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Independence Foundation New Theatre Works Initiative

Arts and Culture

For many years, the Independence Foundation has supported the arts in Philadelphia across multiple disciplines, and has learned and benefited from the experience and the relationships cultivated. The Foundation has provided general operating, project and capital grants to a wide variety of arts groups. Looking towards the future for a thriving cultural community, the Foundation believes that, in addition to operating support, sustained investments in specific artistic endeavors have a significant impact. With this perspective, the Independence Foundation has concentrated on making strategic investments in area theatre groups.

Philadelphia has become well-known as a hotbed for innovation in theatrical performance. The Independence Foundation has long supported new play production at select area theatres. One of these, the Arden Theatre Company, and its Independence Foundation New Play Showcase, was featured in a November 10, 2008 New York Times article entitled “In Philadelphia, Grants Give Voice to Theater” (Klein 2008). Terrence J. Nolen, the Arden’s Producing Artistic Director, noted that the Showcase not only helped generate a developmental pipeline for original plays, but also infused “a community around the creation of new work.” The Showcase came about when the Arden approached the Independence Foundation in 1999 for more operational support and the Foundation’s President & CEO, Susan Sherman, instead challenged them with, “Let’s talk about what you really want to do; what are you dreaming?” This question later became the impetus for the Foundation to delve further into what would be possible with a formalized program dedicated completely to developing new works for theatre.

In the spring of 2009, the Independence Foundation began to explore what was being done around this topic throughout the country as well as here in Philadelphia. To determine how a potential program could complement rather than compete with established programs, ideas were discussed with other funders, like Gregory T. Rowe, Director of Cultural Initiatives at the Pew Charitable Trusts, and Fran Kumin, Director of Pew’s Philadelphia Theatre Initiative (PTI). PTI provides substantive support to both theatres and individual theatre artists for projects that “represent a stretch for the creators or presenters in scale, subject matter, and/or artistic practice.”

While the Philadelphia theatre scene shares similarities with other cities, there are also aspects unique to this region, especially around physical, multi-disciplinary and devised performance work. The Foundation understood that any program instituted would need to address these and not simply be for text-based, scripted plays. Therefore, the best course of action was to go to the source, or sources. A broad group of local artistic directors and presenters from both large and small theatre companies and organizations was convened around the question, “If Independence Foundation were to create a program to fund new works for theatre, what would you like to see it include?”

Much was learned from this spirited and informative discussion. Granting programs that simply underwrite new shows frequently place a considerable burden on theatres to produce a work before it is “ready.” Groups, especially small ones without their own theatre space, are pressured to use their limited resources on production, often shortchanging research, development, workshops, rehearsal time, etc. Sometimes, the exploration of a new work is more beneficial to an organization than getting to the completed production. Most importantly, the Foundation discovered that: 1) each group approaches making new work differently; and 2) consequently, there can be no “one size fits all” framework.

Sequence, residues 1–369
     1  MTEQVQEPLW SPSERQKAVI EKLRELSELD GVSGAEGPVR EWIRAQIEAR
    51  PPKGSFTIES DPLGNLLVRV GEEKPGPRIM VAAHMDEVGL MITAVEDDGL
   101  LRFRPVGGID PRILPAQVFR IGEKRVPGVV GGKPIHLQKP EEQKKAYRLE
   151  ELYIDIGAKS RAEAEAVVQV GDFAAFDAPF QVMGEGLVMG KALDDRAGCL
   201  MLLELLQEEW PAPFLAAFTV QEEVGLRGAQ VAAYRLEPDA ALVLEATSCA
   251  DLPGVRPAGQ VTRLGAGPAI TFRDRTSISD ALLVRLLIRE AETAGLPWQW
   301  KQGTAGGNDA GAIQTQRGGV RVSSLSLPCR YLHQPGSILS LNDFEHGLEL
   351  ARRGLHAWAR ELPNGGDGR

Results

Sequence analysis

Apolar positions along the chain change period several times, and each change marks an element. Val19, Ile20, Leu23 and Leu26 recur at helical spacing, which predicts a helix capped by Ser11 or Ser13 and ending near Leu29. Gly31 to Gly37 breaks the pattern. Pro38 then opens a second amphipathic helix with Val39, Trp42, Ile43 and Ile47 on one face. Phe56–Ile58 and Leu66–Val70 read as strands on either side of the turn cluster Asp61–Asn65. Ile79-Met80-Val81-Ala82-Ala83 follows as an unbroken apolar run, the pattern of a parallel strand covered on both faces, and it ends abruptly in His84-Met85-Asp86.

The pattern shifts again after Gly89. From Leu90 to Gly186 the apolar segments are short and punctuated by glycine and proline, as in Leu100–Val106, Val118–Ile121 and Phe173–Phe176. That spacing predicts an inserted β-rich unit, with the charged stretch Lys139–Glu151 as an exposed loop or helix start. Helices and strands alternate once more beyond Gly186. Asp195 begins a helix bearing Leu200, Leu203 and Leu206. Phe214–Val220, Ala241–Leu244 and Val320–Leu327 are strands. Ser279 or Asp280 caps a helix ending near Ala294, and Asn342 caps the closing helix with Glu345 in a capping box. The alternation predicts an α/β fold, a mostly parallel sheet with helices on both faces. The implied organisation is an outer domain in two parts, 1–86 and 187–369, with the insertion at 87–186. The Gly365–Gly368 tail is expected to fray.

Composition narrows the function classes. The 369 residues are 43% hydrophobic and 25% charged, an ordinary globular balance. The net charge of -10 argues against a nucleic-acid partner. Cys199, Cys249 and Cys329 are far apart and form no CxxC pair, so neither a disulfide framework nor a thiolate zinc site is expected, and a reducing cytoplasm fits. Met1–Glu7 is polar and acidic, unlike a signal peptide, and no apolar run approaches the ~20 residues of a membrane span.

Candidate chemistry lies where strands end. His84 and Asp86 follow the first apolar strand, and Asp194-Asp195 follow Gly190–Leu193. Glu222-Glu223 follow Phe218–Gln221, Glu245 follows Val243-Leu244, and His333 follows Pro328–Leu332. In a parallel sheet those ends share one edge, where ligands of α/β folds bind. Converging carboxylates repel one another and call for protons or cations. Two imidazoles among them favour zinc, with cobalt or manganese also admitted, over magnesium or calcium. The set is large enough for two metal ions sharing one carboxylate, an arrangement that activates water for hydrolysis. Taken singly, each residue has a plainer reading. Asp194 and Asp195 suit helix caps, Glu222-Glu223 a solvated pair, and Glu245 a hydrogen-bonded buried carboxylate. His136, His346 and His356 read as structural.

To help structure a program that would be advantageous to its participants, the Foundation looked to one of its own established initiatives, the Fellowships in the Arts for individual artists. The core reasoning is that fellowships designed by artists themselves will have the most significant impact.

In 2010, the Foundation, responding to the input from the local theatre leaders, implemented a multi-year grant program that would react to and encompass the wide-ranging techniques for the creation of new work. 

The Independence Foundation New Theatre Works Initiative (NTWI) is designed to encourage the development and production of new theatrical performance work in the Philadelphia region. Rather than limit its scope to a single form, genre or developmental structure, these grants accommodate the numerous creative styles and unique perspectives of theatre groups by allowing them to design their own processes for developing new work, whether it is engaging in interdisciplinary presentations, solo pieces, or various methods of play-making.

The NTWI provides two 3-year grants each year to regional nonprofit theatre companies in Philadelphia, Bucks, Chester, Delaware or Montgomery Counties to support the creation of new artistic theatre performances.  Selected organizations with a strong and consistent track record of producing new work are invited, based on annual budget size, to submit proposals. One grant per year is awarded at each of these funding levels:

  • Organizations with annual operating budgets between $250,000 and $1,000,000 may apply for a grant of up to $75,000 over three years (at $25,000 per year); and
  • Organizations with annual operating budgets greater than $1,000,0000 may apply for a grant of up to $150,000 over three years (at $50,000 per year).

Applications to the NTWI are evaluated on three criteria:

  • Clarity of artistic vision;
  • Qualifications of the playwright/creative team selected by the organization’s artistic leadership; and